There are a lot of pictures in this post that, at first glance, appear nearly the same but, they are not the same; they are a sequence of a Green Heron stalking, capturing, and devouring it prey. I see Green Herons from time to time but mostly they are perched. On this day one gave me the opportunity to watch it hunt and eat. Though I see Egrets and other Herons stalk frequently, this is only the second time I saw one stalk and the first I saw one catch and eat. So, please step through these images, in order, one at time and enjoy this opportunity with me.
Please click on caption to see images in higher resolution.
I am presenting the first of 2 parts entitled Cute Chicks. This part will present some local waterfowl.
One of the images is entitled Huddled Sord of Baby Mallards. I learned that a group of Mallards in flight is called a flock or sometimes a flight. Mallards on the ground are called a SORD. If the name sounds weird, it is because it appears to have no other uses.
In this post, I am presenting 2 perspectives on the egret: the graceful, beautiful side and the visceral side.
A few weeks ago, we were at the Yolo Bypass Wildlife Refuge in Davis, CA. In one of the sloughs, there were perhaps a dozen Egrets, both Snowy Egrets and Great Egrets. It turned out to be a great day for capturing them in flight.
Please click on caption to see image at higher resolution.
The lizardicide, killing of a western fence lizard for food, happened at Effie Yeaw Nature Center. It was fascinating to watch. The actual capture was done in tall grass under the shade of a tree. After capture, the Great Egret made a short hop/flight out to the trail then prepared to devour his prey. The intrepid little lizard put up a strong fight but, in the end, it succumbed.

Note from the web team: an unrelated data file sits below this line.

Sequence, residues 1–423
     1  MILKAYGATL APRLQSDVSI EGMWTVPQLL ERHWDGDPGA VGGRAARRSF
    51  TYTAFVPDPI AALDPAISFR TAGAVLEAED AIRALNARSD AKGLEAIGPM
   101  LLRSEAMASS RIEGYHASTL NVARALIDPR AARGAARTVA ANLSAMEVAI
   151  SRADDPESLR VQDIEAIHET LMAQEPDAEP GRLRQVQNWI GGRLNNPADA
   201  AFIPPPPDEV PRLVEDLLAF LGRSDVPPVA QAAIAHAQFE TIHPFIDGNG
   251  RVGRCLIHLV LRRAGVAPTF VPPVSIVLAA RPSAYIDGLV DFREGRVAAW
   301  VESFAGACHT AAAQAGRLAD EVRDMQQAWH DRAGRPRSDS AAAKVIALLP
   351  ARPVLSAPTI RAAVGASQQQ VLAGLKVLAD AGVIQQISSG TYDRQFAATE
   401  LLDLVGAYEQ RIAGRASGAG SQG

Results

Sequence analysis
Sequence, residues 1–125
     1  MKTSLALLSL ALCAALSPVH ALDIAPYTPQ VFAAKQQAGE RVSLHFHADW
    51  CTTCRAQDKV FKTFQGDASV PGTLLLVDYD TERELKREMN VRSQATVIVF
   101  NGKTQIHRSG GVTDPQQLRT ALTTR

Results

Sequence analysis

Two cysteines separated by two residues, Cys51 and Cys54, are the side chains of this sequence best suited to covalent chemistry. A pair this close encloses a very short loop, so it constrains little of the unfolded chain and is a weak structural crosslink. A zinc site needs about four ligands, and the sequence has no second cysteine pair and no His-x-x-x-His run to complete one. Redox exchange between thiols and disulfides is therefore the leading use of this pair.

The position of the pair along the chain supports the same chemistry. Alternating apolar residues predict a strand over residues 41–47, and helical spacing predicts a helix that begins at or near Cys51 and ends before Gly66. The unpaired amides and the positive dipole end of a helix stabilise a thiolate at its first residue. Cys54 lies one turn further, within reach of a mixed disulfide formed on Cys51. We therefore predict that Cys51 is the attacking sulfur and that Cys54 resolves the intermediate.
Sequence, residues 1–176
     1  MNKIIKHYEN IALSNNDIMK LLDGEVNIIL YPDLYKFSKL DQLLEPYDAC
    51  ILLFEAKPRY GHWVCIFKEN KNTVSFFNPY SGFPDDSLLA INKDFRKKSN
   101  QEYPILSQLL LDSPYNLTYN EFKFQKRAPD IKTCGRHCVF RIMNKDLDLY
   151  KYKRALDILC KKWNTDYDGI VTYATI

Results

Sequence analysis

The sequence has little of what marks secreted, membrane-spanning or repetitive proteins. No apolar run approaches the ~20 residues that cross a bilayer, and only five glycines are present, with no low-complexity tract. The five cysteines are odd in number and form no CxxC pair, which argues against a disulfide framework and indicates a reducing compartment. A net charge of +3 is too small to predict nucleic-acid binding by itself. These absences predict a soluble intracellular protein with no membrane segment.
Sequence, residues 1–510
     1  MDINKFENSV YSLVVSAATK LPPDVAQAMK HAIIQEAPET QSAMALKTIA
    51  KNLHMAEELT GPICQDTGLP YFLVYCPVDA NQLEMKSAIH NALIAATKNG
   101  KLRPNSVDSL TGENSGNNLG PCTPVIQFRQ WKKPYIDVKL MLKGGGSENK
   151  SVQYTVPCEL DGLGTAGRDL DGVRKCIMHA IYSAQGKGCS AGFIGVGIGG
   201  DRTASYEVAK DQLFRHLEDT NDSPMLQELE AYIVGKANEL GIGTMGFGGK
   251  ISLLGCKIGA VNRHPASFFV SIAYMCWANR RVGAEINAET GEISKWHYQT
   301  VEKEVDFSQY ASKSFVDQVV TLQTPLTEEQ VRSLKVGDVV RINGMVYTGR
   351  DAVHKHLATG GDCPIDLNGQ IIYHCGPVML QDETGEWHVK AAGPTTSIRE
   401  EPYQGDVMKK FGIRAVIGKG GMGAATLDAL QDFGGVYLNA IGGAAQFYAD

This spring, a pair of Red-shouldered Hawks gave birth to a pair of chicks at Effie Yeaw Nature Center in Sacramento. Hawk babies are often born at the center. What made this remarkable is they nested at a place where you could see them well enough to photograph them. Today, I am sharing some baby pictures.
The first image is one of the adults at the nest. I do not know if it is the male or female. I don’t know how to tell them apart, except that the female is usually larger. After that image we entered the period of stay-at-home, so I missed a few weeks of photographing the nest. When I returned the nest appeared empty. But, as I watched, I could see a small crest of white down peeking above the rim of the nest. On my next weekly visit, there was no activity at the nest. But, the next week, I saw an adult and 2 babies; one beginning to have feathers, the other still in down. The following week, the older of the 2 had more well-developed feathers and was branching, i.e. climbing out on nearby branches. The smaller had its first feathers also. An adult was perched on a nearby snag calling out and the older baby was returning the call.
In the past 2 weeks, there has been no activity in the nest. Both babies should have been large enough to see even if sleeping. In fact, they should have both been branching. I am hoping that at least the older one has fledged but I don’t know. I will probably never know the outcome.